T He rides on the airplane with 15 microsatellites and 49 CubeSats. Seven CubeSats were not ready in time for a November launch, and technicians replaced them with ballast that will stay aboard Spaceflight’s dual installation modules, which makes mass and balance calculations for launch unaffected, “said Jeff Roberts, Spaceflight Head of Mission for SSO – A mission.
Microsatellites and CubeSats come from 17 countries: USA, Australia, Italy, Netherlands, Finland, South Korea, Spain, Switzerland, Great Britain, Germany, Jordan, Kazakhstan, Thailand, Poland, Canada, Brazil and India.
Rockets are usually launched with one or two primary satellites and sometimes carry additional secondary payload to fill unused capacity, but the SSO-A launch follows another model.
There is no primary payload on the SSO-A mission. Spaceflight bought full capacity for the Falcon 9 launch in 2015, and satellite owners booked their launch with Spaceflight, not with SpaceX.
Spaceflight has provided rideshare launches on rockets before, including India’s PSLV and Russia’s Soyuz, but these missions flew on launches that transport larger satellites in the primary payload spot.
The rideshare arrangement allows satellite owners to share the cost of a rocket launch instead of paying for the entire mission.
SpaceX tested the Falcon 9 rocket on Thursday night at Vandenberg in a regular countdown test before flying at Space Launch Complex 4-East. Techniques planned to return the rocket to a nearby hangar for attachment with the SSO-A load bundle, already encapsulated inside Falcon 9’s nest facility.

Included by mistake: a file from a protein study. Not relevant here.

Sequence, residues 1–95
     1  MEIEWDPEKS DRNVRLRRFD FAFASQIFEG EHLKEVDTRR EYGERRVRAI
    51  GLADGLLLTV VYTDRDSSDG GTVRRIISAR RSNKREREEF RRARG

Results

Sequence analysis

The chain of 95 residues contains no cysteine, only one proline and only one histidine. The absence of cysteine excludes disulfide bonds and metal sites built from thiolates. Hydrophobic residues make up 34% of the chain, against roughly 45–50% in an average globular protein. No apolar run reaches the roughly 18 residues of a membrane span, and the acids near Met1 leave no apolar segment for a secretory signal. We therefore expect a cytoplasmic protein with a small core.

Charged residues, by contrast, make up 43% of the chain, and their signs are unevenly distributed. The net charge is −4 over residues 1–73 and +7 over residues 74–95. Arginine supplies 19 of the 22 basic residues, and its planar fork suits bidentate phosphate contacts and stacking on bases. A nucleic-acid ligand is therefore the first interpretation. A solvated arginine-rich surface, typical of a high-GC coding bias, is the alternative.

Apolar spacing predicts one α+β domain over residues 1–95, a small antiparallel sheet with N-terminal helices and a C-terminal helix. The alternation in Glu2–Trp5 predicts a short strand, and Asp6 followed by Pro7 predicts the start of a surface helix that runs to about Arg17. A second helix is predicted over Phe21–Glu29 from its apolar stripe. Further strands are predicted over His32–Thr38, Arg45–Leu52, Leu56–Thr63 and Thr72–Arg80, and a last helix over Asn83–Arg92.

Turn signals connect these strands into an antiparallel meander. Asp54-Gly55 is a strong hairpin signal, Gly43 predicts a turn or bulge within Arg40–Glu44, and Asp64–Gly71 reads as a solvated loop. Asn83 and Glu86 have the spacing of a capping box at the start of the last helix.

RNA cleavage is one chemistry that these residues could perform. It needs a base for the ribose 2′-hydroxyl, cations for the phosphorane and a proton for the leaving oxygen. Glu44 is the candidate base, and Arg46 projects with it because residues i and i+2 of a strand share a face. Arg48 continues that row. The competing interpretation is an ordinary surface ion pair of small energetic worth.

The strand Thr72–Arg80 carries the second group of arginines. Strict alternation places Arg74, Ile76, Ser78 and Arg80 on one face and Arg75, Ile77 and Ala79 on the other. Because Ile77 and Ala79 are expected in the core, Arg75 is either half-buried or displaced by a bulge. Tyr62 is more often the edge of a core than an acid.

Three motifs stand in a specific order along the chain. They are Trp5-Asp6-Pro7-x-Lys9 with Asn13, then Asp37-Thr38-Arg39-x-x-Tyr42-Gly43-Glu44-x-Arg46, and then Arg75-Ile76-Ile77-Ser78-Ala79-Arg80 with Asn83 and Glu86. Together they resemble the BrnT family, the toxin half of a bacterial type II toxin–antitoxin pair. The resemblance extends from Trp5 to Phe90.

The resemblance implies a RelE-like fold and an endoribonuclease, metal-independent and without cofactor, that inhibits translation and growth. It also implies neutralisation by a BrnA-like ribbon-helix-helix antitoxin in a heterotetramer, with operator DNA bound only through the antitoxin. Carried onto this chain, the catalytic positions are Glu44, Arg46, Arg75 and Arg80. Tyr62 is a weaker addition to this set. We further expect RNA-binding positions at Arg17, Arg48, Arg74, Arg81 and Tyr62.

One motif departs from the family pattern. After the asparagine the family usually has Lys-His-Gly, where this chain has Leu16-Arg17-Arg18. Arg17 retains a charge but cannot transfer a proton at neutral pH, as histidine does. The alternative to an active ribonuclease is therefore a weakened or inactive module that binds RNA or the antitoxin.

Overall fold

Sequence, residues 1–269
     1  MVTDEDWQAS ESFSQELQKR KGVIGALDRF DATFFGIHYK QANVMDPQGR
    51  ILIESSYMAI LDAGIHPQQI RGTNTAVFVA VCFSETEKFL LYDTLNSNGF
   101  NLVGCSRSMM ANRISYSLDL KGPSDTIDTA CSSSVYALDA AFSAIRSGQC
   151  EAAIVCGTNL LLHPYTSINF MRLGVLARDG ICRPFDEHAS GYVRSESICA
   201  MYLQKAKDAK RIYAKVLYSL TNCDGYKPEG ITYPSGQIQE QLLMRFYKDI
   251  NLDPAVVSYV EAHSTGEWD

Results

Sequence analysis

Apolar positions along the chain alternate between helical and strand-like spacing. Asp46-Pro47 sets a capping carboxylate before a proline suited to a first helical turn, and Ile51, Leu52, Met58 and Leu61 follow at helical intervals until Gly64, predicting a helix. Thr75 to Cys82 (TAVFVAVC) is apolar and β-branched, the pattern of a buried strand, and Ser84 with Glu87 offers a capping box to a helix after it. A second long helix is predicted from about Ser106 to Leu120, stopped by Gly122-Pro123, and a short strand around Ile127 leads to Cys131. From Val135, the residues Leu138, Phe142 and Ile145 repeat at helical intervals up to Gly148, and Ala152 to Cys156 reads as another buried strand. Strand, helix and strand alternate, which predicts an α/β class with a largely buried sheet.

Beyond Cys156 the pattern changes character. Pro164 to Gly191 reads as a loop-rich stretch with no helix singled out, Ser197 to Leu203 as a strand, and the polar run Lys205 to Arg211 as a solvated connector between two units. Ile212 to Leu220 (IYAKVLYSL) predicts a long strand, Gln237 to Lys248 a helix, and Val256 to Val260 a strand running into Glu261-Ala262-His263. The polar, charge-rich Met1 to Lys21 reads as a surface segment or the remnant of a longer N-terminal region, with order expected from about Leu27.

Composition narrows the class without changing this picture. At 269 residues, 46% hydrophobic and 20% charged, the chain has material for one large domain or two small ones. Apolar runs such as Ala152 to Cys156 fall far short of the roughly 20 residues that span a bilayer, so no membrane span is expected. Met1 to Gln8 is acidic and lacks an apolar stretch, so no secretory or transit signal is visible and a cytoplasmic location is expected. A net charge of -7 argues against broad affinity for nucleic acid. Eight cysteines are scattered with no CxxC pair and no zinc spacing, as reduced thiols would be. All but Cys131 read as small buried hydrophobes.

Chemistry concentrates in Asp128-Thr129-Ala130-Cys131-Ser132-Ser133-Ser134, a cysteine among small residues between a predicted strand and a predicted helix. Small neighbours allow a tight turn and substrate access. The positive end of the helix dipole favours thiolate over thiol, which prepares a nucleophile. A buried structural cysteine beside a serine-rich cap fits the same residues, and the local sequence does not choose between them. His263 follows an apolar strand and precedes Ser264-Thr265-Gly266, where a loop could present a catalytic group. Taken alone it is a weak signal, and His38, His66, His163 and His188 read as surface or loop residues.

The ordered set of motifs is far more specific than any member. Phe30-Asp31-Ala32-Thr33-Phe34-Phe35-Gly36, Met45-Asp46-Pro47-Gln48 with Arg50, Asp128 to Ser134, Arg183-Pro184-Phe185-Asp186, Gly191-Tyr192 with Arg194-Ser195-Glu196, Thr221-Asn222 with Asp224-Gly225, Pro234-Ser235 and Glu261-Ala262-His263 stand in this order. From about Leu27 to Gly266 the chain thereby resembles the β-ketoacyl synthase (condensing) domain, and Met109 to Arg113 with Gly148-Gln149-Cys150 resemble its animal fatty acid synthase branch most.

Spaceflight’s unique spacecraft modules, called the upper and lower free airplanes, will separate from Falcon 9’s top scene for about 357 miles (575km) bypass after lifting from Vandenberg.
“We refer to them as free airplanes because they are exactly what they are. There are no propulsion systems on board. They only contain all avionics and dispensers for the command to distribute,” said Roberts.
The top free plane is based on a commonly used secondary payload adapter, called an ESPA ring – built by Moog. The lower free aircraft is Spaceflight’s own design, according to Roberts.
Four of the microsatellites launched on the SSO-A mission will separate directly from the adapter plates on Falcon 9 second leg after it has been circulated. The other 60 will distribute from the free flight sheets in a timed sequence over the next five hours.
The free airplane modules will unveil sail after satellite expansion to help bring the dispensers back to earth’s atmosphere.
“All is integrated, the entire structure has been encapsulated, and SpaceX has broken (reversed) the encapsulated structure horizontally to match the rocket,” said Roberts Spaceflight Now.
With all the satellites now aboard the free airplane modules There are no plans to delay the launch if engineers detect a problem with one of the payloads. It is a hands-off approach designed to ensure that a satellite problem does not affect the others.
“At this time, the train still leaves the station,” said Roberts in an interview.
“I’m very excited, and it’s pretty much how the team feels,” said Roberts. “This is the culmination of almost three years of work of this team, and in the last 60 days, many people have worked 12 to 16 hours a day, seven days a week, so they make a lot of effort to make this successful for us and for all our customers.
“We’re excited to see this go on orbiting and be successful.”
Email the author.
Follow Stephen Clark on Twitter: @ StephenClark1 .